Chrysalis is a multi-purpose and eco-friendly vehicle created by the hands, hearts and imaginations of hundreds of people in South Devon, UK. This mobile communal space, built in a van, aims to be an “inspirational resource for local people to use for learning, creativity, celebration, exchange, dialogue and gatherings of all kinds” as described on its website. It is bringing people together, facilitating connections and strengthening communities.
Chrysalis, also known as a cabinet of ecological curiosities, is funded by the Arts Council of England and the Lottery Community Fund. It is the vision of Encounters Arts, a company of artists, producers, facilitators and change agents.
The mobile communal space was built with the principles of the circular economy and ecological design in mind. The project’s website says it involved an “extensive programme of creative consultation, co-design workshops, and user interviews with different community groups and individuals.” Local architects and designers Wo/Co were chosen to coordinate the conversion of the van into the usable Chrysalis project.
Susie Peat, Chrysalis’ systems and finance administrator, says “our main aim is, as change-makers and facilitators, to support community engagement and conversation. The van works wonderfully for this as people come together to make and create things whilst in a lovely space, already (literally) made and designed by a community.” This community of makers, led by skillful architects and designers, embraced and relied on many volunteers and craftspeople to make their dream a reality – a process that took 18 months.
Local nonprofits that contributed to the project have built relationships to collaborate more. Their contributions include a local network of male carers and children called Dangerous Dads, which created a showpiece table made from recycled materials; learning disability nonprofit Lifeworks, which carved wooden spoons and other cutlery for the project, and Torbay Yarn Bombers, which transformed a chair into a living garden.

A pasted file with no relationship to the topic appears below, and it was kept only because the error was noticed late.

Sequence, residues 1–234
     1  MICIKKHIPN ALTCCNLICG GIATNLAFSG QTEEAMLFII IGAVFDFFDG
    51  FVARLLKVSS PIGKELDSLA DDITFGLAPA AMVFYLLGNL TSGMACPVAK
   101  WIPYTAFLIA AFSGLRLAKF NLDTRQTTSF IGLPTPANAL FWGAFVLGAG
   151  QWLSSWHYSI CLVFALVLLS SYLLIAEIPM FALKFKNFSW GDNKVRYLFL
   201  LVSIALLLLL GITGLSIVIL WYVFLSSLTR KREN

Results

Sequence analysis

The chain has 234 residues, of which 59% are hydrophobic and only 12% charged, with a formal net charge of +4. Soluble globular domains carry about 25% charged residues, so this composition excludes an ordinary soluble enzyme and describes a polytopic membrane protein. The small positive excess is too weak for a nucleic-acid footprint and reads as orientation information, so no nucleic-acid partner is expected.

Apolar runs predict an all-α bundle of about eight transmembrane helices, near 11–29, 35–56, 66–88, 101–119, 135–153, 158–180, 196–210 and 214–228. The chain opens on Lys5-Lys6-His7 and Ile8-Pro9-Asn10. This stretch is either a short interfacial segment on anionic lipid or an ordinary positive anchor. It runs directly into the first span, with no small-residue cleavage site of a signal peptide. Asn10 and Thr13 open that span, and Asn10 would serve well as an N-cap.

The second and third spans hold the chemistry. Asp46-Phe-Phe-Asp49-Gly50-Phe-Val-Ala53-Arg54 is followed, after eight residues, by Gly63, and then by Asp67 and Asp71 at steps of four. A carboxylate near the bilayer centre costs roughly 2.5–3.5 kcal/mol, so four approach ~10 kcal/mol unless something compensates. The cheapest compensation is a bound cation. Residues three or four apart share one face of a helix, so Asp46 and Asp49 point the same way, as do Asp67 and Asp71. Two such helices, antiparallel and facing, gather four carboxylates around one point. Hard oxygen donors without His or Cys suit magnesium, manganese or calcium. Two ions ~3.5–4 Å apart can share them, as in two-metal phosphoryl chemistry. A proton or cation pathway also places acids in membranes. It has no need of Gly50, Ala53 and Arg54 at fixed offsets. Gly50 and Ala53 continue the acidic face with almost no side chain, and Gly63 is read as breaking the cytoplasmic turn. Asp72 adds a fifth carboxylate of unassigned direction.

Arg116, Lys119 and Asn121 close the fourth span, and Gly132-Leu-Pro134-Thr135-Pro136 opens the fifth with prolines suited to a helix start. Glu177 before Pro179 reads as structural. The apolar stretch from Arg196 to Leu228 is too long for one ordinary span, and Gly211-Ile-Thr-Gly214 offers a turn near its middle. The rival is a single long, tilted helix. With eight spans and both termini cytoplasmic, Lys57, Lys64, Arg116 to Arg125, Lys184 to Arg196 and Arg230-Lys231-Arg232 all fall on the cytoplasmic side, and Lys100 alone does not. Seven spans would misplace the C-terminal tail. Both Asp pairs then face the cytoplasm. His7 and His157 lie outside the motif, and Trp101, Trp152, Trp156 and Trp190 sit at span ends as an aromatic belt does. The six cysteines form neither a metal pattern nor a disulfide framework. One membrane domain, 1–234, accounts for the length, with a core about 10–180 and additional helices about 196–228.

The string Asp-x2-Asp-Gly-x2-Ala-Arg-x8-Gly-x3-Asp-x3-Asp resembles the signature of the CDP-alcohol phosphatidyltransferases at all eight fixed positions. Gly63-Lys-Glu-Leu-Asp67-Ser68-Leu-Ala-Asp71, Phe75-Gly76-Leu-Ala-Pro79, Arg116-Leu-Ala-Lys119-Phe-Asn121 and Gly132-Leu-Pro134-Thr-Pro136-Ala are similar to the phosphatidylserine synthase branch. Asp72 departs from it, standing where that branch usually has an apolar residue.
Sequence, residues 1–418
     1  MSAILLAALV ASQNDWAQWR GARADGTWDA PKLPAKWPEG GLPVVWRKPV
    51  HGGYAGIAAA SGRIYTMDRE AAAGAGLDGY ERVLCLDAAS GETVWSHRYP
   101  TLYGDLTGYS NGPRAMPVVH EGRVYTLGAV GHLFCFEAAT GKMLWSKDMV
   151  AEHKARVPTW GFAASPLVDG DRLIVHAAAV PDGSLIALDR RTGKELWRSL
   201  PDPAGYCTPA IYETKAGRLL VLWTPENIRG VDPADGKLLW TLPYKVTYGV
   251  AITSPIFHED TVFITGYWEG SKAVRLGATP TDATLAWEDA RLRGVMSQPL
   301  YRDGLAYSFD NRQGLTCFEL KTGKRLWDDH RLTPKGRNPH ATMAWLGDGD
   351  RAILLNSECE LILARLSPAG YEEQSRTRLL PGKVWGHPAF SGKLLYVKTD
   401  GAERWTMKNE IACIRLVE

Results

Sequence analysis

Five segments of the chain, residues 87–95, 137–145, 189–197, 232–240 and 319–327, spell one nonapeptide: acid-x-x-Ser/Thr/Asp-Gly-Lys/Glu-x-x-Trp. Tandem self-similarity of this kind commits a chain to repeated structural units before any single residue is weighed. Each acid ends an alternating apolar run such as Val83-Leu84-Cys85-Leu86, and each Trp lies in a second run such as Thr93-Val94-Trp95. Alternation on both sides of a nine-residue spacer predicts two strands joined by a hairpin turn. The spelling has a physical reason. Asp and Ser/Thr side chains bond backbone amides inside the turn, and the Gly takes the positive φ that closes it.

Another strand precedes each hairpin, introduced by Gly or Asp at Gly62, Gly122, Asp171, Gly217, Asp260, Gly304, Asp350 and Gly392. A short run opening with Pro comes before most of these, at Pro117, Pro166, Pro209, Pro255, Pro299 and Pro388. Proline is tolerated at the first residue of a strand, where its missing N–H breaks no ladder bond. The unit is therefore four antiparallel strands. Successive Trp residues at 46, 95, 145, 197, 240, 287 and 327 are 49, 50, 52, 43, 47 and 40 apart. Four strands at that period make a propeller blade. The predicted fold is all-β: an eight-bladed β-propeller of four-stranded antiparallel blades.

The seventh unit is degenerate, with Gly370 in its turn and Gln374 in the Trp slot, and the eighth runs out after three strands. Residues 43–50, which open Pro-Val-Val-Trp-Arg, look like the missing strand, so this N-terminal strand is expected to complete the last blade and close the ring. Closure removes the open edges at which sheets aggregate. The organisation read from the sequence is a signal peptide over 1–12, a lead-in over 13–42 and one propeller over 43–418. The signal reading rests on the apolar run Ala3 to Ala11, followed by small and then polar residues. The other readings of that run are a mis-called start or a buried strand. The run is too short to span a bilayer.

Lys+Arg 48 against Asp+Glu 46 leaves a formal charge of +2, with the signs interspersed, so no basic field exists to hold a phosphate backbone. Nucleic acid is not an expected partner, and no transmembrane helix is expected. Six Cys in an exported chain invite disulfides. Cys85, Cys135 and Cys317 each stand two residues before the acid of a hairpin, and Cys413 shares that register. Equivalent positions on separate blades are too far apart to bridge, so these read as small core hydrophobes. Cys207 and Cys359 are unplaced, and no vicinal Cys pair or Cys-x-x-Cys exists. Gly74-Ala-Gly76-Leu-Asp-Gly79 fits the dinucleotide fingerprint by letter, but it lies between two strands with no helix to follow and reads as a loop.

Despite the coordination challenge and the challenge of making the van as ecologically sound as possible, the result is impressive. Emily Reed, the project’s communication coordinator, says “it’s been phenomenally rewarding to see how much it has meant to people to be involved in the making of Chrysalis, how much of themselves they have given to the project, and the incredible quality of their contributions.”
Chrysalis has been touring the UK since June 2019, drawing attention to the power of collaboration and the beauty of re-purposed materials.
The project aims to facilitate shared experiences, learning and connection. Chrysalis operates on a sliding scale in an effort to be available to a wide range of communities.
Though in its early days, this multi-functional project has a lot of further potential to impact and inspire communities to connect, collaborate and be creative. Collaborative arts project Co-creating Change is providing governance support and has funded the Chrysalis’ next phase: a program of touring events.
The initiative is seeking further funding to buy and install solar panels. Project leads will attend the Museum Association Conference in Brighton this October as part of the artist movement Culture Declares, which has declared a climate emergency.
Chrysalis will also be piloting a new approach to the evaluation of creative participatory projects, funded by the Paul Hamlyn Foundation and working in partnership with researchers from Stanford University and Queen Mary’s University London. The initiative will track the language of its users to assess the change in their behavior. As described by Encounters Arts, this methodology “tracks the way in which people’s language changes over the duration of participatory creative processes and how this in turn can provide the most accurate indication of behavioral change.”
For more information about Chrysalis, visit http://encounters-arts.org.uk/activity/the-making-of-chrysalis.